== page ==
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Shabbat Parashat Toldot 5773

Ask the Rabbi: Does One Require Intention for the Mitzva to Live in Israel?

by Rav Daniel Mann

Question:  Does one fulfill the mitzva of yishuv Eretz Yisrael (= yEY), the mitzva to inhabit the Land of Israel) if he does so without kavana (intention)?

 

Answer:  The gemara discusses the question whether mitzvot tzrichot kavana (= mtzk – a mitzva is valid only if performed with intention to fulfill the mitzva), in the contexts, among others, of reading Kri’at Shema and blowing shofar without specific intent to perform the mitzva. The Shulchan Aruch (Orach Chayim 60:4) rules that kavana is required, and there is significant discussion about whether this is true even regarding mitzvot  which are only rabbinically mandated (see Mishna Berura 60:10). Thus, one could claim that whether or not one fulfills yEY without kavana depends on whether the mitzva is from the Torah (Ramban) or is rabbinic (simple understanding of the Rambam (see Amud Hayemini 22)).

However, there are several opinions that the question of mtzk does not apply to all mitzvot. The Ran (7b of Rif, Rosh Hashana) says that even the opinion that usually requires kavana does not require it for mitzvot of eating. Some say that this applies to all matters of physical enjoyment, a distinction we find regarding the obligation of a korban for an unintentional sin (see Kritot 20b). YEY apparently does not fit into this category, as the mitzva is fulfilled by the fact that he lives in the Land, not by a specific act of physical enjoyment. However, others (see Sdei Chemed, vol. IV, p. 305) understand that the above is true for any mitzva that is done through physical action (including the mitzva of lulav- ibid. p. 306), as opposed to a mitzva of speech, in which case it yEY would not require kavana.

A similar distinction is found in Kovetz Shiurim (II:23). He says that one fulfills mitzvot that that are conceptually result-oriented even without the intention; the important thing is that the result was reached. Examples he gives include repaying debts and pru u’revu (procreation). YEY is tricky, in that one does not reach a result where he can say the mitzva is over. However, the mitzva is apparently to be in the state of living in the Land (the parameters are beyond our present scope). Thus it is a mitzva of an ongoing state/result and according to this approach, too, yEY would not require kavana. Rav Asher Weiss (heard orally) explains this distinction as follows. Mtzk is an issue only for mitzvot that are significant only when done as service of Hashem, which requires intention. The result of having children is significant even without being performed as service of Hashem, and presumably so is yEY.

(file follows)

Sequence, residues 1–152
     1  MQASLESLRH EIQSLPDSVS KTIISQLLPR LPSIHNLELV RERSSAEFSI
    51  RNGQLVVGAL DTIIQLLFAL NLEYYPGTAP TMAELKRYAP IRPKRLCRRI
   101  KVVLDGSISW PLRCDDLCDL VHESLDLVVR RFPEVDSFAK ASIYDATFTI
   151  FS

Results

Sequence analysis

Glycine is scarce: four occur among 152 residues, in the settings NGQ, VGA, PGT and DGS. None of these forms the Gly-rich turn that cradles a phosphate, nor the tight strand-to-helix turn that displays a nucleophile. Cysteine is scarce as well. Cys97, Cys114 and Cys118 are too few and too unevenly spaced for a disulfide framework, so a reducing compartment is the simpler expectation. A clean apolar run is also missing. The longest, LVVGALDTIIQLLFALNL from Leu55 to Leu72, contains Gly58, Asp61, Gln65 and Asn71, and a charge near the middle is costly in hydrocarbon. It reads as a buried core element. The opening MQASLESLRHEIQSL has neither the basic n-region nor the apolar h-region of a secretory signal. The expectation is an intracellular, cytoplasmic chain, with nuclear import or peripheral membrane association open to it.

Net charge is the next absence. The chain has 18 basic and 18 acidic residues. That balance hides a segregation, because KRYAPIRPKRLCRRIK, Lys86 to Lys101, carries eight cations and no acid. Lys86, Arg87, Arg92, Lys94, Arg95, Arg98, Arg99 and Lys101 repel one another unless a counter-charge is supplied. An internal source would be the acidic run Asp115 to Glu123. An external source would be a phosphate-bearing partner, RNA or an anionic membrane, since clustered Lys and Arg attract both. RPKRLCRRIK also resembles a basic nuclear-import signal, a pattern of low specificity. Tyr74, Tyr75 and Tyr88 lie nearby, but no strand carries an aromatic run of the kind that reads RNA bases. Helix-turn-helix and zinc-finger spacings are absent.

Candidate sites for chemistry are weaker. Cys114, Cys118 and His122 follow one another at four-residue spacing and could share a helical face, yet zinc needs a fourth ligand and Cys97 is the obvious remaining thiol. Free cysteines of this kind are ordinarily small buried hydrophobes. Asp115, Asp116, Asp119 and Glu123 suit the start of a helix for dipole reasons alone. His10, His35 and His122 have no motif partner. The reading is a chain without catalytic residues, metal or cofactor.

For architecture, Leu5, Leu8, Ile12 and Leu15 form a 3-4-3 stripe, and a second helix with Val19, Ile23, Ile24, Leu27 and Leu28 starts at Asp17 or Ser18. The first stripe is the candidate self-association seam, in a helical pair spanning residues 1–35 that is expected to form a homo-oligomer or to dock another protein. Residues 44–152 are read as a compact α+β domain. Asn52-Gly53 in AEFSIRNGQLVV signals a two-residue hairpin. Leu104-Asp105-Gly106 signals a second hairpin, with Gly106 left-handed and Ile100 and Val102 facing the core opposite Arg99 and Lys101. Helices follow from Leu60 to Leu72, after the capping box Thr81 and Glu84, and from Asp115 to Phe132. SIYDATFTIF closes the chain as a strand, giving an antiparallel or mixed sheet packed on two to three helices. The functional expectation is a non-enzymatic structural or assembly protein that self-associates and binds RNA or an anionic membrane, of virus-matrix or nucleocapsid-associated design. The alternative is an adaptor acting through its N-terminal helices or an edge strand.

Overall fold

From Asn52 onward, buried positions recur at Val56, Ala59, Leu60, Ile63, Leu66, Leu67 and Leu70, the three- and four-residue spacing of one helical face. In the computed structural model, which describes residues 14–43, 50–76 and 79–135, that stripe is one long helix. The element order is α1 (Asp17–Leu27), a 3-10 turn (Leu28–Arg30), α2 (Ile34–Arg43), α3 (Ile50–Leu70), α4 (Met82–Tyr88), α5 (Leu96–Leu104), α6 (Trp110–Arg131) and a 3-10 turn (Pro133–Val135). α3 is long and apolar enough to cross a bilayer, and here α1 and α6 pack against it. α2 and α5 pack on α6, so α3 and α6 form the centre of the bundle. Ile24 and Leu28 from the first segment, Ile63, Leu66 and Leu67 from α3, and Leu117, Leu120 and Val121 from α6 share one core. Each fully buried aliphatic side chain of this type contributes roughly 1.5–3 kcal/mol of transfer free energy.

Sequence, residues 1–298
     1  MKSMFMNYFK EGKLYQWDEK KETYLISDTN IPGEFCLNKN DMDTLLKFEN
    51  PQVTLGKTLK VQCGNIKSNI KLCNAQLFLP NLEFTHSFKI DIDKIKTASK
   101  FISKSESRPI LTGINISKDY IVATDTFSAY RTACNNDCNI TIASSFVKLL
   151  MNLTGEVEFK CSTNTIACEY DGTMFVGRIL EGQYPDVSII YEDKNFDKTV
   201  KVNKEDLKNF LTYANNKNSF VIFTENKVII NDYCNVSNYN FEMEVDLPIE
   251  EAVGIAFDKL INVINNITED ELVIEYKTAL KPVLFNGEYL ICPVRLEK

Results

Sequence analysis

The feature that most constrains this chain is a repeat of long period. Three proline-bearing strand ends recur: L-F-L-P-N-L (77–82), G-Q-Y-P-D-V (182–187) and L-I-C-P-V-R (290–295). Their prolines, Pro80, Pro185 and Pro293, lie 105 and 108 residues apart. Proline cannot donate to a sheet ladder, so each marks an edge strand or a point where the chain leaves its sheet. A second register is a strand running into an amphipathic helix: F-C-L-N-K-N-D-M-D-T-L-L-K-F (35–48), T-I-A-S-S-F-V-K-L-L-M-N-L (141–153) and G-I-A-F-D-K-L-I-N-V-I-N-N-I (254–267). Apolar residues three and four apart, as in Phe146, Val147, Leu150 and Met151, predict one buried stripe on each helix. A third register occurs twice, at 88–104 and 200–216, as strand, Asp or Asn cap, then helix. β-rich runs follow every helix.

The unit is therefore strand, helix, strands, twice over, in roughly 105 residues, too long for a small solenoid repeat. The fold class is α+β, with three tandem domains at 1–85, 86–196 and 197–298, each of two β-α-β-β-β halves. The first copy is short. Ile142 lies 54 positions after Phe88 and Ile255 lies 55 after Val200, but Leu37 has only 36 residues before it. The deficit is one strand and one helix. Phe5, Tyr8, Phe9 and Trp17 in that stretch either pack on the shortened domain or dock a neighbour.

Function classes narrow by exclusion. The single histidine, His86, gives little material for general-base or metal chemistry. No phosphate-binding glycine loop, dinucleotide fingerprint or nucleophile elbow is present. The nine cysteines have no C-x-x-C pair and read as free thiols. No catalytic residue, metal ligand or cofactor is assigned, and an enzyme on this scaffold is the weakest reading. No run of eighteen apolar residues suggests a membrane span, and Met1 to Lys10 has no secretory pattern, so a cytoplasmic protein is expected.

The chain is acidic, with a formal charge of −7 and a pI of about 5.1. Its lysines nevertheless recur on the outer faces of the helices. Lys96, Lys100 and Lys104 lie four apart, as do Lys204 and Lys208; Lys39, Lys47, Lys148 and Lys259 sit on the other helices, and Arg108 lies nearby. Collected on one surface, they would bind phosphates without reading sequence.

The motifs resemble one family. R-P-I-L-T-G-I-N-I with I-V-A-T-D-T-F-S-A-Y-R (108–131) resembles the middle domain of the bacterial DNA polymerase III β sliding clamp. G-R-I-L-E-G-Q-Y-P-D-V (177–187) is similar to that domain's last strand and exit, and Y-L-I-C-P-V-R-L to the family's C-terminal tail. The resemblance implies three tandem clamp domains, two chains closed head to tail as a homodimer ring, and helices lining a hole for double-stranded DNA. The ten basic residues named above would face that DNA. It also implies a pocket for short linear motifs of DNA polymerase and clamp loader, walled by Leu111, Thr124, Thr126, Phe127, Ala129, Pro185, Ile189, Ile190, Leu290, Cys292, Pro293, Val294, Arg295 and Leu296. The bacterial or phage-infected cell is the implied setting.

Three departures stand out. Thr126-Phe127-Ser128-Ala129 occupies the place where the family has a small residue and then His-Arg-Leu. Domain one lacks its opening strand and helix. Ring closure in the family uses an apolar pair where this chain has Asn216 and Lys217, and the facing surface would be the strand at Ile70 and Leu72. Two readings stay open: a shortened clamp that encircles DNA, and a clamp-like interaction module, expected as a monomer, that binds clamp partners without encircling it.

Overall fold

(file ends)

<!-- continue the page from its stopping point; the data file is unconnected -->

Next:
Despite the above, to a great extent, the question is moot. There are two elements to fulfilling a mitzva: 1. technical fulfillment, whose greatest ramification is that it exempts one from repeating the mitzva. 2. The reward one receives for fulfillment. The various halachic discussions focus on the first element – the operative one. What happens with reward?

A few things are clear. First, Hashem will not give the same reward to one who accidentally performed a mitzva or did it solely for self-interest as to one who did it for the right reasons (see Nazir 23a). The Imrei Binah (Orach Chayim 4) cites the Chochmat Adam’s author’s formulation. Even if and when one is credited with fulfillment of a specific mitzva without kavana, he fails to perform the general mitzva of “to serve Him with all your heart” (Devarim 11:13). There is no way for human beings to determine Hashem’s reward accounting in every case. Remember, in this regard, that there are different reasons for not having kavana, including the following: lack of belief in Hashem; a Satmar ideology; not thinking about the mitzva, etc. These possibilities and many other variables impact on a person’s virtue and thus on his reward for the mitzva.

Regarding the element of fulfillment exempting from repeating the mitzva, the question is moot. One never completes the mitzva of yEY. Thus, whether or not he fulfilled the mitzva in the past, the mitzva continues, and it is certainly better to do it with kavana.

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Dedication

This edition of
Hemdat Yamim

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R' Meir
 ben

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